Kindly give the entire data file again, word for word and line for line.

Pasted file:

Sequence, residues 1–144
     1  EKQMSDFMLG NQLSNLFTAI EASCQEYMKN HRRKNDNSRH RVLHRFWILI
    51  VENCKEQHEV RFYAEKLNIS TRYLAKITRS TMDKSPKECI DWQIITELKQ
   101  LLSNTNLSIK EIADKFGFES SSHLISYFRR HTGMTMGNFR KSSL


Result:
Sequence, residues 1–144
     1  EKQMSDFMLG NQLSNLFTAI EASCQEYMKN HRRKNDNSRH RVLHRFWILI
    51  VENCKEQHEV RFYAEKLNIS TRYLAKITRS TMDKSPKECI DWQIITELKQ
   101  LLSNTNLSIK EIADKFGFES SSHLISYFRR HTGMTMGNFR KSSL